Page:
Estimated reading time: 4 Minutes
6 December 2019
In recent years bank branches have been closing at an alarming rate,with more than a quarter of branches closing in Wales in the last five years alone. While over the last 10 years 40% of all branches of the “big four” high street banks have closed in Wales. The number of free-to-use ATMs in Wales has also seen a recent decline, falling by 10% in the year to March 2019.
A recent inquiry into ‘Access to Banking’ by the Economy, Infrastructure and Skills Committee looked at the many ways in which bank branch closures, as well as the loss of free-to-use ATMs, can affect people, communities and businesses. The Committee also explored the steps that government and others could take to improve the situation and considered the Welsh Government’s recent decision to support the establishment of a community bank in Wales.
The Committee made 14 recommendations in total – 13 directed at the Welsh Government and one at the UK Government. The Welsh Government has accepted 12 of the recommendations (either fully, in principle or in part) and rejected one recommendation.
How did the Committee reach its recommendations?
As part of the evidence gathering process, the Committee ran an online survey which collected the views of almost 900 people and held focus groups with community groups in areas that had seen the closure of the ‘last bank in town’.
The Committee found that there is a clear tension between the fact that customers view banks as providing a vital public service whereas, in reality, decisions on bank closures are entirely left to the market, with customers informed rather than consulted on closures.
The Committee also heard overwhelming evidence of the negative impact of bank closures and reductions in free-to-use ATMs in Wales. The survey found that 87% of personal banking customers and 78% of business banking customers had been affected by closures and that 50% of respondents were concerned about having access to cash withdrawal facilities.
More than a third of respondents to the survey (36%) said they had to travel an extra half an hour to access a bank branch and for 29% of people it was an extra hour of travel.
All parts of Wales are affected, but the problem of accessing cash and banking services is particularly acute in more rural areas, and for older and disabled people. Senedd Research has produced maps to show how bank branch closures over the last 10 years have led to many people having to travel far greater distances to visit their nearest bank branch.
What can be done to improve the situation?
The Committee explored the potential benefits and challenges involved with establishing a community bank with multiple branches in Wales, as a way of improving the situation.
The Welsh Government is actively supporting Banc Cambria and the Community Savings Bank Association (CSBA) to ‘test the feasibility of establishing a community bank for Wales’. In giving evidence to the Committee, Mark Hooper of Banc Cambria set out the potential future scale of the community bank stating that it could ‘easily top 50 branches across Wales’ within 5 to 7 years. Of those 50 branches, all of which would offer free-to-use ATMs, he estimated that about 12 branches would be fully staffed while the other 38 would have a more automated approach involving fewer members of staff.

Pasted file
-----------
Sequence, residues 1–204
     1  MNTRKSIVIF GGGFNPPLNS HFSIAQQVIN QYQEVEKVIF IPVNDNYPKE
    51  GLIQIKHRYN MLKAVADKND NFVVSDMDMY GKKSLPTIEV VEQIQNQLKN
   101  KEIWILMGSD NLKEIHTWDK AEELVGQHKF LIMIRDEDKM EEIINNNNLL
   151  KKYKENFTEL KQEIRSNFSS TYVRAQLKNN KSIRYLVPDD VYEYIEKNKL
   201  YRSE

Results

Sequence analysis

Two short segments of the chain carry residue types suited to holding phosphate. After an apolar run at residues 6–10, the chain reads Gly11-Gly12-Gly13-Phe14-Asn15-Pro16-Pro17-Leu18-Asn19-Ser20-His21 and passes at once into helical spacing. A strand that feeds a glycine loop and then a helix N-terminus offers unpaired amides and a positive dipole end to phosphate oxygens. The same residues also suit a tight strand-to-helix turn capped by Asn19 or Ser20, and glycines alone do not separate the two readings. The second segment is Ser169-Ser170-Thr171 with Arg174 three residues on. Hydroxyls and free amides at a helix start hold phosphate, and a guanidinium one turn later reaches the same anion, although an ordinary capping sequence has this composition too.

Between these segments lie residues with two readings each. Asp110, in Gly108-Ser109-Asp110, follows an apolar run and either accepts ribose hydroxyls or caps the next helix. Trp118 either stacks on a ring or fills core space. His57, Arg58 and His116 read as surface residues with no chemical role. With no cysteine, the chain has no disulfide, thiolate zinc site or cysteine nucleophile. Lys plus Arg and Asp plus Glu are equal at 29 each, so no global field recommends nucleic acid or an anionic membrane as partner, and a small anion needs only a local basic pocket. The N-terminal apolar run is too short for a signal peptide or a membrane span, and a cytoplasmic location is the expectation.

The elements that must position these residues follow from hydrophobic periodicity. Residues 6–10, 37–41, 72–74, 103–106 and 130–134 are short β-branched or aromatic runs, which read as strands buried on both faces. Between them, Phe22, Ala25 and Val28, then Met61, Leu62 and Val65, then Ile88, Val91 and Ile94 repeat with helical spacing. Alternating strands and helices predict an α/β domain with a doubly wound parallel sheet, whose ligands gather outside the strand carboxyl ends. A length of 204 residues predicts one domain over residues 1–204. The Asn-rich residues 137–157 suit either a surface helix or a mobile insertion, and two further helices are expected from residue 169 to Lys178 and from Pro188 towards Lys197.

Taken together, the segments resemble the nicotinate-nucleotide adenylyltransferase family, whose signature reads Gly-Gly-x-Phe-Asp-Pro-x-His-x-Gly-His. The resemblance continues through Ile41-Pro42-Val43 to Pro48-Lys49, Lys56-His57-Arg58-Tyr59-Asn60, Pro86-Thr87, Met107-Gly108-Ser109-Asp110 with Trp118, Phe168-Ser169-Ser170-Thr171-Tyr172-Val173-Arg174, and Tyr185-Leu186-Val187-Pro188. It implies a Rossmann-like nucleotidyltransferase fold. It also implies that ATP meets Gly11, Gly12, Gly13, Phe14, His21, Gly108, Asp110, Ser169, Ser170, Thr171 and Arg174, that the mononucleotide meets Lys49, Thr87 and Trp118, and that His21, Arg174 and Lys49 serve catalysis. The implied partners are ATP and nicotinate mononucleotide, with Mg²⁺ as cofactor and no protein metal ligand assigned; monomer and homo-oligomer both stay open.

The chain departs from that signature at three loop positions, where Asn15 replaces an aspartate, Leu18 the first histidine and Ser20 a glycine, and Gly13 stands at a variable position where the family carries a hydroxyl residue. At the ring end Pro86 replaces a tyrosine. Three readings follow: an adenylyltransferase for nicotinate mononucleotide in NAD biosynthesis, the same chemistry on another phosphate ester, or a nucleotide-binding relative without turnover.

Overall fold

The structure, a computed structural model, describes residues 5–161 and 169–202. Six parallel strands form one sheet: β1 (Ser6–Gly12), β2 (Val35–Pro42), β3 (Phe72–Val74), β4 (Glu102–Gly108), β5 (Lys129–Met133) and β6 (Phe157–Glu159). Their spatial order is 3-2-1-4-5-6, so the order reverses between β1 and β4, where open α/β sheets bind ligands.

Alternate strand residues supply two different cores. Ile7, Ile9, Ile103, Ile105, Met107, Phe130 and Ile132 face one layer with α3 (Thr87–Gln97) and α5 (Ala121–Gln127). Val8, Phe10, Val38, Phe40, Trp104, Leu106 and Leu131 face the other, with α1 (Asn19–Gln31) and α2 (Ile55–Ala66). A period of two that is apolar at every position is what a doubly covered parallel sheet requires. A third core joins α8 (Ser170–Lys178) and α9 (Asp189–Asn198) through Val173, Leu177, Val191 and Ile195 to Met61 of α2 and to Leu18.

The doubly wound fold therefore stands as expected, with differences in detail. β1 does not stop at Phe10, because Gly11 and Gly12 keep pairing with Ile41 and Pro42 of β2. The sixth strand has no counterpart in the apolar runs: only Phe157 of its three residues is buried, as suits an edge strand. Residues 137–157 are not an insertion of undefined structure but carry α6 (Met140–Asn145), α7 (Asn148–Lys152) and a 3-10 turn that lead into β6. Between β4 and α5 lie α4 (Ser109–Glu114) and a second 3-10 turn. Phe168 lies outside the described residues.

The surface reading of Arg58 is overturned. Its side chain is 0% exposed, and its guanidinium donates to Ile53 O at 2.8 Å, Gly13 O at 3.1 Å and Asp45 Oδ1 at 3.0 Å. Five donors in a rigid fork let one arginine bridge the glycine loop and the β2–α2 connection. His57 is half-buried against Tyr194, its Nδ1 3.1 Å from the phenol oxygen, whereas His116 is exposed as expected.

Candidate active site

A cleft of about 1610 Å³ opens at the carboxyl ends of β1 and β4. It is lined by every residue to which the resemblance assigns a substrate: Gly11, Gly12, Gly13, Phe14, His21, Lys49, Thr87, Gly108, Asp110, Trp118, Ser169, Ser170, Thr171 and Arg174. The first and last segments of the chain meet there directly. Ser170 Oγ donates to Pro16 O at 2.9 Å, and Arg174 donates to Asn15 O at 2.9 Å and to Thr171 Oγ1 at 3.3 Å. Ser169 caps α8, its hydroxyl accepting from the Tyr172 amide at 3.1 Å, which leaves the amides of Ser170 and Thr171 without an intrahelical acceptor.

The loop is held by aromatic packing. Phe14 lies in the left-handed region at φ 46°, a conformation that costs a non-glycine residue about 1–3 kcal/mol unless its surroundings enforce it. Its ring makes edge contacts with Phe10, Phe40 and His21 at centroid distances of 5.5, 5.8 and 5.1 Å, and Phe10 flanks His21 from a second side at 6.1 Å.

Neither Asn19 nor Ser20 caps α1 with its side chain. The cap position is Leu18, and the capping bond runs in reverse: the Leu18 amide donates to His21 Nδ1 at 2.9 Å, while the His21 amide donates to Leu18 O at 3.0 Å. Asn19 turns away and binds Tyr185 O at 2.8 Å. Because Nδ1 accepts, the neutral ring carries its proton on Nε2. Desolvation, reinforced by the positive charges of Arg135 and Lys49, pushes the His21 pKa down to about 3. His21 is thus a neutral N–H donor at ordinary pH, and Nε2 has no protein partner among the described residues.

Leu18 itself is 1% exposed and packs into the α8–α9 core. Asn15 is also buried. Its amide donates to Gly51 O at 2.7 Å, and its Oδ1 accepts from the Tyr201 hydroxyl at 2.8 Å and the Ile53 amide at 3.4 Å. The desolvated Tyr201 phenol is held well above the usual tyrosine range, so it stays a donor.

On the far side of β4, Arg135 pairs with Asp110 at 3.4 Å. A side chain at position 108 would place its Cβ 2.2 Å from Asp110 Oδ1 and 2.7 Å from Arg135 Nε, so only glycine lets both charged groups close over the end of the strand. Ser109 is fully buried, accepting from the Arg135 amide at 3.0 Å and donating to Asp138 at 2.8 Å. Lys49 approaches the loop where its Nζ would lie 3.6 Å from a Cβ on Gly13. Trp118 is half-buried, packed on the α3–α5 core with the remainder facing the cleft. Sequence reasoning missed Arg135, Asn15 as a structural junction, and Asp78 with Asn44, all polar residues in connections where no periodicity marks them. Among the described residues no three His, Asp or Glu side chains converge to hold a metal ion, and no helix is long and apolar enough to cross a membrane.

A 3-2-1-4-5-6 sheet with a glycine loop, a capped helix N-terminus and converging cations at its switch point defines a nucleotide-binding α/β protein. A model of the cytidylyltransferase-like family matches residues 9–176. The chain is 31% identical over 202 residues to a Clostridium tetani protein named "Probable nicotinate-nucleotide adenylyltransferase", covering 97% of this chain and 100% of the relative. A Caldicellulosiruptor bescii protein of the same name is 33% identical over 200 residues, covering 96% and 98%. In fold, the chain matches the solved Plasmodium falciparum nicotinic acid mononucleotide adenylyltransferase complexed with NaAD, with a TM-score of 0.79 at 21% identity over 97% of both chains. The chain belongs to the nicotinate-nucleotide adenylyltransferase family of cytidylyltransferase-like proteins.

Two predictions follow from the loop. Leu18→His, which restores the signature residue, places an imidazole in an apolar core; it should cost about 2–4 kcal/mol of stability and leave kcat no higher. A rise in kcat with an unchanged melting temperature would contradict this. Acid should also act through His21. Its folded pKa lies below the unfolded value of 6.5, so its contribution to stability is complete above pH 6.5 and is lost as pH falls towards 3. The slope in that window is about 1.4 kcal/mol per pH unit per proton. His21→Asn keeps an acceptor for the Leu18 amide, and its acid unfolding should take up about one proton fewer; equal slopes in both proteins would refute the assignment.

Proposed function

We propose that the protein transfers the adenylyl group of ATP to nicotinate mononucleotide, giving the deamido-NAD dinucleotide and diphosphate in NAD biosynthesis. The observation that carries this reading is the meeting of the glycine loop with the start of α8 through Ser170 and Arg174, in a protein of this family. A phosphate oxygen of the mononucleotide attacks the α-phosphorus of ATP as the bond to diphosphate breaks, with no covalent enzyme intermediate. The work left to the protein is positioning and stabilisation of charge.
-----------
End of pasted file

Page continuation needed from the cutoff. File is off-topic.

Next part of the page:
The Committee received mixed views about the Welsh Government supporting the creation of a community bank in Wales and the potential positive and negative impacts it might have. For instance, Cambrian Credit Union highlighted that a community bank, run as a cooperative for the benefit of its members, has the potential to act as a ‘catalyst for greater fairness and less exploitation in the delivery of financial services’.
However, there was also concern expressed within the credit union sector. A group of 11 Welsh credit unions wrote to the Committee to draw attention to the fact that Banc Cambria’s intention to provide personal loans on a cooperative model basis would be “in direct competition” with credit unions and would ‘directly threaten the future sustainability of the credit union network in Wales’.
The Committee also received strong evidence regarding the challenges involved in setting up a community bank – not least the financial and regulatory requirements, the timescales for setting it up, and the need to attract significant numbers of people to switch their bank accounts.
What did the Committee conclude?
Overall, the Committee acknowledged that ‘the arguments presented in favour of a community bank for Wales are compelling’. However, the Committee also voiced a note of caution that community banking in the UK represents ‘uncharted water’.
As a result, the Committee recommended that the Welsh Government should set out its strategy for ‘managing the on-going risks associated with putting public money into the un-tested Community Savings Bank Association banking model, and clarify the level of future support it anticipates offering the community bank’. The Welsh Government accepted this recommendation.
The wider issues that need to be addressed in response to falling numbers of bank branches and free-to-use ATMs are many and varied. This is reflected in the Committee’s other recommendations which cover areas such as government regulation, financial and digital inclusion, town centre regeneration and planning, the role played by the Post Office and credit unions, digital connectivity and the Welsh language.
Article by Ben Stokes, Senedd Research, National Assembly for Wales